"Just tired," he says.

I'm sure there's more to it than that, but I don't pry. Maybe Kina's caustic words are finally getting to him. I make a mental note to talk to her about it; Halle's really not that bad.

"I have something to do," he says. "I'll talk to you later, all right?"

"All right," I agree. I watch him leave and shake off the feeling that I'm worried about him. I must reserve all my worry for the issue at hand.

I watch the city hall from afar this time, and after fifteen minutes or so, a large number of guards gather around the entrance. The king, the captain of the guard, and the chief advisor walk out, and together, the group leaves the city square and heads into the rich sector of the city, down the street in the direction of Lord Halivere's mansion.

I follow at a distance, keeping an eye out for Tag or any other shady-looking person. The city's people respectfully make way for the king and his entourage, and while King Rothemus does occasionally nod or wave at the populace, he's so surrounded by guards there's no way anyone can slip a knife between his ribs or shoot an arrow at him without hitting someone else first.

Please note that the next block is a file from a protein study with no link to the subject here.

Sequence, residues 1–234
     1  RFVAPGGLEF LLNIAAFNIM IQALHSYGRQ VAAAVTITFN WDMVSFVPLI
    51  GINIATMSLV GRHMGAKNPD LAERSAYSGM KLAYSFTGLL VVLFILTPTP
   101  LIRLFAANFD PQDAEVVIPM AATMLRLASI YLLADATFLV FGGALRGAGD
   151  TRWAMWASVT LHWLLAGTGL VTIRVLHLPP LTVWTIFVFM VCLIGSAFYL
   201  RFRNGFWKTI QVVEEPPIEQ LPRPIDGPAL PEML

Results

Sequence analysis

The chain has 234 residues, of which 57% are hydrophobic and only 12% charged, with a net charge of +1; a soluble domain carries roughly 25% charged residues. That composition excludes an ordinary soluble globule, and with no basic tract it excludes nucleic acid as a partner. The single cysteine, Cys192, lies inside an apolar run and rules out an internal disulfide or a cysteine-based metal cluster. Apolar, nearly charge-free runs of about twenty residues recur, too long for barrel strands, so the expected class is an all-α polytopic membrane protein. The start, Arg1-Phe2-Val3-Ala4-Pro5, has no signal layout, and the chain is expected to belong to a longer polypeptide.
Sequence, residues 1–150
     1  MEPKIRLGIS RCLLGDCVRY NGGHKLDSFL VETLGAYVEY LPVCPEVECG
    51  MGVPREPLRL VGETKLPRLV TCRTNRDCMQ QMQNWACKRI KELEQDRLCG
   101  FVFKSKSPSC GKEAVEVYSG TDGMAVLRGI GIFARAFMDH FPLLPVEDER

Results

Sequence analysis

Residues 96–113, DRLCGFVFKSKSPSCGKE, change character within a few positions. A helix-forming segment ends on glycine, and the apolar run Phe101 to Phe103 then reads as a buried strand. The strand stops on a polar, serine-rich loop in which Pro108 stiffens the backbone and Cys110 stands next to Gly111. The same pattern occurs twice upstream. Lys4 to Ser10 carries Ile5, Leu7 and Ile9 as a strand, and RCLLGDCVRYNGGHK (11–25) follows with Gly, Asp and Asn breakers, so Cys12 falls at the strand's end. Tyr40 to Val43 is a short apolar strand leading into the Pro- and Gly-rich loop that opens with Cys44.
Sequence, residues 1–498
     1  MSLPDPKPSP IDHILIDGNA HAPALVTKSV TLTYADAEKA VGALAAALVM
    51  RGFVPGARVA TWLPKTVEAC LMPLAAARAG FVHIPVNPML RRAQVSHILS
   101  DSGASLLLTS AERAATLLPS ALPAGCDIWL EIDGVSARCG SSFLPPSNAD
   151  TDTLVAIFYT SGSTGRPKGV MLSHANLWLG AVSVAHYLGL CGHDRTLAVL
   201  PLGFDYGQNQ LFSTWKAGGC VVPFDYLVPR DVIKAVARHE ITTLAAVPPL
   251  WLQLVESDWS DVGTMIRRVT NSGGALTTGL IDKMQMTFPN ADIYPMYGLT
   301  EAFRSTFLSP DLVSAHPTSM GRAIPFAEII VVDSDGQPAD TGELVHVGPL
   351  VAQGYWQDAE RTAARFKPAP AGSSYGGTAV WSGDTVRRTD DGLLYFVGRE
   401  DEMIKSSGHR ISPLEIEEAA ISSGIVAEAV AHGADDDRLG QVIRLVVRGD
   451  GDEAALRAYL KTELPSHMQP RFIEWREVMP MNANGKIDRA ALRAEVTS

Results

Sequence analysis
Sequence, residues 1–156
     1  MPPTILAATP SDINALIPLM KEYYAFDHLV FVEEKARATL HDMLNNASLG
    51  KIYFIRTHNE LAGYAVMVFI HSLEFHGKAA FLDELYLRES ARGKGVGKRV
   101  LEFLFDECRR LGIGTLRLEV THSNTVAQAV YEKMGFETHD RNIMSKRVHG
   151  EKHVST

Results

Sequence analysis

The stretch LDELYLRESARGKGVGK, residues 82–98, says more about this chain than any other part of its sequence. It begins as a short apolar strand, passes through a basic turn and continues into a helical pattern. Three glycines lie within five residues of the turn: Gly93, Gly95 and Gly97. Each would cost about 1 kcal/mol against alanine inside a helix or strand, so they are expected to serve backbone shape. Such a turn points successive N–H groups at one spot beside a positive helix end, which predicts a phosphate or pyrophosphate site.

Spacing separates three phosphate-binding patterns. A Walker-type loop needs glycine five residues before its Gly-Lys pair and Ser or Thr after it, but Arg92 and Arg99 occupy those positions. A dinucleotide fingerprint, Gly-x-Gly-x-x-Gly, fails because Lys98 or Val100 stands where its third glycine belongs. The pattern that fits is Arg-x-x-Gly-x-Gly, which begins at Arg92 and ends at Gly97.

The group moves slowly because it's so large; it takes fifteen minutes to walk down two streets. However, nothing's happened so far, and we're nearing Lord Halivere's mansion, so I'm almost starting to relax until I see Tag.

I instantly shift position and pull my cap lower over my head. I don't think one cap will disguise me, but it might buy me some time.

Tag's on the other side of the group, in the middle of a crowd of middle-upper class citizens. He's dressed and acting just like them, walking at a leisurely pace and sneaking glances at the king's entourage. I'm probably the only one who notices the way his eyes dart around to take in trajectory angles and the number of guards in certain formations around the king.

Hunching my back and sticking my hands in my pockets, I leave my side of the street and cross over to Tag's. He's so concentrated on his mental calculations he doesn't notice me step in place behind him and wait.

The opportunity comes when the king's group shifts to turn down a side street. Some people in the crowd around me do the same thing, turning and moving and therefore brushing against each other. I quickly reach out my hand like I'm simply stretching and pull things out of Tag's coat pockets.

The thin knife cuts me as I grab it by the blade, but I ignore the small trickle of blood that runs down my palm. I've also gotten a small handful of poison darts and a leather pouch.